Let me introduce you to my trusty sidekick of late...Madame Shovel. Seeing me through the shoulder crunching task of digging a garden in terrain where bedrock presents itself quite close to the surface.
After creating the above space with an eye towards next years kitchen garden, my focus shifted to next years veggie beds. It is mind-blowing to me that on a homestead of this size there is no existing vegetable garden.
Building on what I knew about the bedrock situation, there was never any question that raised beds were the way to go for this homestead. And the Hugelkultur method seemed like a perfect fit, with lots of fodder to build up the viability and soil quality within the beds.
With plenty of cardboard on hand (an unexpected perk of moving and an opportunity to practice gratitude for little things), a row of poplars along the front of our property and acres of grass to be cut the beds were started.
With a couple of visits to our pals and neighbors at Milkhouse Dairy on the horizon, the compost aspect of this process shall be covered...literally. Then a wee bit of topsoil and a cover crop of buckwheat and Phase 1 of the veggie garden is ready for next Spring.
Except for the fencing. But, for the moment I live in the land of denial on that subject.
Not surprising I suppose is the fact that the first and second major undertakings on my side of the list of things to do involve slinging a shovel. Two very different tasks with opposite reasons for being....yet, quite intertwined in their process.
Our home was built somewhere in the neighborhood of 1870. A simple wood frame number built with was was at hand and subject to the limitations of it's terrain. Bedrock (flat and solid) is very close to the surface which meant that anything more than a crawlspace under the house was not possible. In this scenario, drainage away from the structure is of supreme importance to it's longevity. And while our home inspector said things looked good down below (I took his word for it) he recommended a 12" wide and 12" deep trench be dug around the entire building and backfilled with gravel graded to slope away from said building. Which is why I found myself watching in disbelief as 14 tonnes of gravel was dumped on our driveway this week.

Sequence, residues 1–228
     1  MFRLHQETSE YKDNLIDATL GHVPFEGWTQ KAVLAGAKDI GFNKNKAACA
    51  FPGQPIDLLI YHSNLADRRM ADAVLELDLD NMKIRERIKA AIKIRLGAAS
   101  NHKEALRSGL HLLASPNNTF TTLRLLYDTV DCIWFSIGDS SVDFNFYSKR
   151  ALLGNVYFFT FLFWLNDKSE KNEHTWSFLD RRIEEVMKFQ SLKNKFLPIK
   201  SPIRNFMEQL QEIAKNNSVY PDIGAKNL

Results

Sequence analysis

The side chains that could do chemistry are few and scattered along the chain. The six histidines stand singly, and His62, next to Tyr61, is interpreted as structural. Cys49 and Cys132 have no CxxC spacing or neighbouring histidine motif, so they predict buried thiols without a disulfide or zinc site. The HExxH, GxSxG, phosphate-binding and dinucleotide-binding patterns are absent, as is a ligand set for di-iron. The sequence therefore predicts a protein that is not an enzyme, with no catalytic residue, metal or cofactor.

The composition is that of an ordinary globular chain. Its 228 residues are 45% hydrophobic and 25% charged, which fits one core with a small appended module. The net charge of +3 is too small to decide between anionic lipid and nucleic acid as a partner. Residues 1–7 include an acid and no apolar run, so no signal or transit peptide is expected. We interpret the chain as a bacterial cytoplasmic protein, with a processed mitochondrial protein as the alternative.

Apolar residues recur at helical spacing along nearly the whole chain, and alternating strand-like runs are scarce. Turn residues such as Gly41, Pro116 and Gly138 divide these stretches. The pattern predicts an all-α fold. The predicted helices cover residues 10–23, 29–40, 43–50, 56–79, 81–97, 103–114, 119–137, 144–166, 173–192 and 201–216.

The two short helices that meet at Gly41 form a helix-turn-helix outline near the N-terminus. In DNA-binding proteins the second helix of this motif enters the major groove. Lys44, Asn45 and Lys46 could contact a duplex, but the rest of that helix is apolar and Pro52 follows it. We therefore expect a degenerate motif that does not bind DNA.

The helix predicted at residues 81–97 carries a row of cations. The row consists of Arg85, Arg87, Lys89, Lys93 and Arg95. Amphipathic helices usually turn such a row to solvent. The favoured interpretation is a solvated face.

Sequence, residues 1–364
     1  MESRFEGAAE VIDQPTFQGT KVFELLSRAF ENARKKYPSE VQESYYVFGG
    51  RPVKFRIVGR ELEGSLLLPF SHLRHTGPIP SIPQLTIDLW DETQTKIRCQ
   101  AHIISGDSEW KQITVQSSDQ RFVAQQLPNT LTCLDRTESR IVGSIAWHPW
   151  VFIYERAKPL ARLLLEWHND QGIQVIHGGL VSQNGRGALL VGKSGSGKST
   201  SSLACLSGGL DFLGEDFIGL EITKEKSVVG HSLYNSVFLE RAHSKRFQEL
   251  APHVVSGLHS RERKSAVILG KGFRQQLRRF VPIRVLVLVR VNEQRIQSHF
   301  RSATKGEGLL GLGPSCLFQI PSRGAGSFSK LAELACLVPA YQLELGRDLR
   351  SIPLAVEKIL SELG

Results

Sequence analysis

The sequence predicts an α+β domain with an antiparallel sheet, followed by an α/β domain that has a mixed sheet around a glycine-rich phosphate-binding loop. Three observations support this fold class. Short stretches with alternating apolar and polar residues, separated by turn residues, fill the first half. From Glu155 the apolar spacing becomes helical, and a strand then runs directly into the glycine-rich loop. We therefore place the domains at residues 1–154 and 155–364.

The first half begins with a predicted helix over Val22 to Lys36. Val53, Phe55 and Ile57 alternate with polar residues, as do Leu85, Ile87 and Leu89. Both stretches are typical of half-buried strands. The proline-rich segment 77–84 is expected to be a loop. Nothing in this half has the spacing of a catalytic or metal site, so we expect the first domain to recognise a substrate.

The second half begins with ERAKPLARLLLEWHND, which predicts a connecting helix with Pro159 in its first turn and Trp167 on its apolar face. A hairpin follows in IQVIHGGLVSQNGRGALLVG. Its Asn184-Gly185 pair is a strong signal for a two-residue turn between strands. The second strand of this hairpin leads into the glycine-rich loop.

Work boots and gloves on hand the digging commenced. With a slightly choppy and newbie approach, the process ended up looking something like this....
Dig out large rocks from designated area to be backfilled. Move a pile somewhere else. Separate out the good soil and move to a pile closer to where the garden will be. Ensure trench is relatively level and of the right depth and width. Backfill with many more wheelbarrows of gravel than seems possible on first inspection. Dig. Move. Dig. Move. Backfill. Repeat.
In the end, the first small part of the perimeter that can be considered done looks like this.
The second part of this process I referred to above is much more interesting I assure you. And as you may likely have guessed it involves the digging of a garden. That part is for another day.
Well folks. Let it be said that I tried. From the early days of 2015 I had regular talks with myself about the importance of remaining present in the moment that is.....from the rising to the setting of the sun. Enjoy these city days for they are numbered I said. Be mindful of each time you walk to the grocery store or bike to work. Take in the peace of mind that comes from your 9 year old roaming the neighborhood with her pals - unhurried and enjoying this stage of being a kid. The ease with which a drink or dinner with friends comes to pass - as spontaneously as things happen when there are kids and families involved anyway.